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Issue No. 254 04 March 2005  
E D I T O R I A L

Thatís Our Team
Hereís a test. Hands up all those who watched the news last night. Who can remember the weather forecast for tomorrow? What about the forecast in Perth?

F E A T U R E S

Interview: Dot.Com
Evan Thornley was a labour activist. Then he rode the tech wave. Now he's home with new ideas on how Labor can win the economic debate.

Workplace: Dirt Cheap
In her new book, Elizabeth Wynhausen learns how hard it is to live on the minimum wage.

Industrial: Daddy Doesnít Live With Us Anymore
Andreia Viegasí tells the story of the loss her young family has felt since her husband was killed at work, and the need for justice for families who fall victim to industrial manslaughter.

Economics: Who's Afraid of the BCA?
Big Business's agenda for Australia has gone from loopy to mainstream at the speed of light, writes Neale Towart

International: From the Wreckage
Working people across Iraq are struggling to build their own independent unions Ė and are successfully organising industrial action on the vital oil fields as well as in hotels, transport outlets and factories, Writes Andrew Casey

Politics: Infrastructure Blues
With much attention given belatedly to the shortage of infrastructure, little attention has been given to the structure of infrastructure, writes Evan Jones

History: Meat and Three Veg
A new book recounts the impact of the Depression on women workers, writes Neale Towart,

Savings: Super Seduction
Sharks are circling your super. From July 1, banks and financial planners will have access to the nesteggs of an extra four million workers, writes Jim Marr.

Politics: Popping the 'E-Word'
Federal shadow treasurer Wayne Swan unveils Labor's new economic doctrine.

Poetry: To Know Somebody
This week saw an appointment to the ABC Board that was even more breathtaking than that of Liberal Party figure Michael Kroger. Resident Bard David Peetz celebrates the occasion with a reworking of an old Bee Gees hit.

Review: Off the Rails
A new play on the impact of rail privatisation in Britain has a poignant message for Sydney commuters, writes Alex Mitchell

N E W S

 Rev Kev: Innocent Shall Be Guilty

 Itís Official - Taskforce "Hopeless"

 Hollywood For Tropfest Evictees

 Miner Problem for Feds

 Students Driven to Sleep

 Brogden Dances On Graves

 Let Them Drink Beer

 Traffic Fines Parked

 The Airline That Flew a Kite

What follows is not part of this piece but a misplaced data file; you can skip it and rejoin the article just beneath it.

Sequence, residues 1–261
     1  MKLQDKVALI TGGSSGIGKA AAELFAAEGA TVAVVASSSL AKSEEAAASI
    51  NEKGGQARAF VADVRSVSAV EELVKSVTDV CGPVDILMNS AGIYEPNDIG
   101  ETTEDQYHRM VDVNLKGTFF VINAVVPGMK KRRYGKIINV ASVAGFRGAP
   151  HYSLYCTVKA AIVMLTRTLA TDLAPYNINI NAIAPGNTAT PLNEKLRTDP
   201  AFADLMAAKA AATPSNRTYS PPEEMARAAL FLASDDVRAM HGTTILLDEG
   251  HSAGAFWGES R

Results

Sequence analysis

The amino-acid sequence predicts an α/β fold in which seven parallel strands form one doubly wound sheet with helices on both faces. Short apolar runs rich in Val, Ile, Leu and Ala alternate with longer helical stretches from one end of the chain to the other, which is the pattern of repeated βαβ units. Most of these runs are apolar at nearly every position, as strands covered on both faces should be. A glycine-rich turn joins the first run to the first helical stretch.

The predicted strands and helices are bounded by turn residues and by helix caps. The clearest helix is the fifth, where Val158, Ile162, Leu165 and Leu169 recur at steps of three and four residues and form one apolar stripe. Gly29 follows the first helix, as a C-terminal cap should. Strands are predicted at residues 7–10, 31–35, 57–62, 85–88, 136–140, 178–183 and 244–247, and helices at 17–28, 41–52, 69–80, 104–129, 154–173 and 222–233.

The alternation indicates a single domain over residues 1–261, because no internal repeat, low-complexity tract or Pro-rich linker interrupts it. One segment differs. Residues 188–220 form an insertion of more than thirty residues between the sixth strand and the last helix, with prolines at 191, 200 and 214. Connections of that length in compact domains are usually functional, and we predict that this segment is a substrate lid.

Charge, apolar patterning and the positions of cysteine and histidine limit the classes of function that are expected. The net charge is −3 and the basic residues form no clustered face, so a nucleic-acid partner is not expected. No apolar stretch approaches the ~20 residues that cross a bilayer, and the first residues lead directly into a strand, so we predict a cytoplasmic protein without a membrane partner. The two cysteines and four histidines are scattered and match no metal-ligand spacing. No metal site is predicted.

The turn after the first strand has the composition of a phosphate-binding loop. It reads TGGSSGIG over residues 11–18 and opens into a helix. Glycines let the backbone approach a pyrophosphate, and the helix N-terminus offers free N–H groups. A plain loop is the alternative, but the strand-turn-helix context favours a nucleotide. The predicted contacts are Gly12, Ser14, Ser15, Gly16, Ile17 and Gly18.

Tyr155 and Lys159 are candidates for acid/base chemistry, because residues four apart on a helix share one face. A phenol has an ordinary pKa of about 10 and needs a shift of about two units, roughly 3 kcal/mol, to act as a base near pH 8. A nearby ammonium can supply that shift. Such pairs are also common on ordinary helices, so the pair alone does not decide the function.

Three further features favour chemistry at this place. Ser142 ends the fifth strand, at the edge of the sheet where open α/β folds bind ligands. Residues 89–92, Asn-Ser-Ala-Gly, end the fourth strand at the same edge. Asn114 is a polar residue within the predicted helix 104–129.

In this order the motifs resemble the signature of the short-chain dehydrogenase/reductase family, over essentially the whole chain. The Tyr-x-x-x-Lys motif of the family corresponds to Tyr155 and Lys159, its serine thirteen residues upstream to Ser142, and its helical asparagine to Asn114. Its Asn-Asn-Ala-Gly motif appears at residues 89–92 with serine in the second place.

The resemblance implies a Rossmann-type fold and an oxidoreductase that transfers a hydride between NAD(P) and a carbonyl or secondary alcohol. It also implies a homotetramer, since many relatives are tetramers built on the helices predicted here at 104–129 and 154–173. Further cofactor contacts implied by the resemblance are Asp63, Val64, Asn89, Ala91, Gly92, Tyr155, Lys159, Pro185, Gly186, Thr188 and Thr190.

Hundreds Resist Porridge

 Experts Back Better Childcare Pay

 Mushroom Mums Win

 Rotten Fruit Exposed

 Workers Sue Rumsfeld

 Activistís Whatís On

C O L U M N S

The Soapbox
The Big Picture
Think about this: It takes 150 tonnes of iron ore to buy a plasma TV, writes Doug Cameron.

The Locker Room
Reducto Ad Absurdo
Phil Doyle offers advice for the lovelorn, and finds that things are getting smaller

New Matilda
Work is In
The rise and fall of the working hours debate in france is relevent to Australian workers, writes Daniel Donahoo and Tim Martyn

Parliament
The Westie Wing
Our favourite MP surveys the upcoming conservative centralist collective attack.

Postcard
Postcard from Harvard
Australian union officials making the annual pilgrimage to the Harvard Trade Union Program learnt that, at least, they are not alone, says Natalie Bradbury.

L E T T E R S
 Stay Terra Firma on Tax
 Janetís Job No Victory
 Royal Finger Lickers
 Will $20 Restore Carr?
 Two Ideas
WHAT YOU CAN DO
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News

The Airline That Flew a Kite


Qantas has turned staff insecurity into an artform in an effort to keep a low morale workforce under the thumb, says ASU assistant secretary Linda White.

The claim came in response to "another" management plan to axe thousands of jobs, despite the company posting a record $660 million profit last year, and a half year figure to December of $460 million.

The management plan dubbed "Simplifying the Business" could lead to Qantas slashing up to 10 percent of its 30,000 workforce

But an internal report leaked last week shows staff morale could hardly be eroded by the mooted cuts as it was already at record lows in some divisions.

The report found only 22 percent of long haul employees felt "engaged" in the company and it's future, compared to 75 percent at Virgin Blue, Australian Airlines and Hewlett Packard.

The morale findings were amongst the lowest ever recorded by international human resources company, Hewitt Associates.

Over 8000 staff participated in the six month survey.

White, who's 10,500 members work in administration across all divisions of the airline, says staff feel under pressure which creates insecurity, when by any industry indicator they are doing the best in the world.

Over the last five years the national carrier has used terrorist attacks, fears over SARS and, more recently, high oil prices and increased competition to keep the pressure on staff.

This year Qantas mooted shedding 7000 jobs amongst long haul staff in the middle of EBA negotiations.

"Qantas is a lean, mean fighting machine," says White "There is not an area which hasn't been touched in the last three or four years, there is no fat there, Qantas does not even replace people when they are sick."

"This happens year after year, it's a way to get people to accept less than what they are worth.

"They are crying wolf...after a while it wears a thin."


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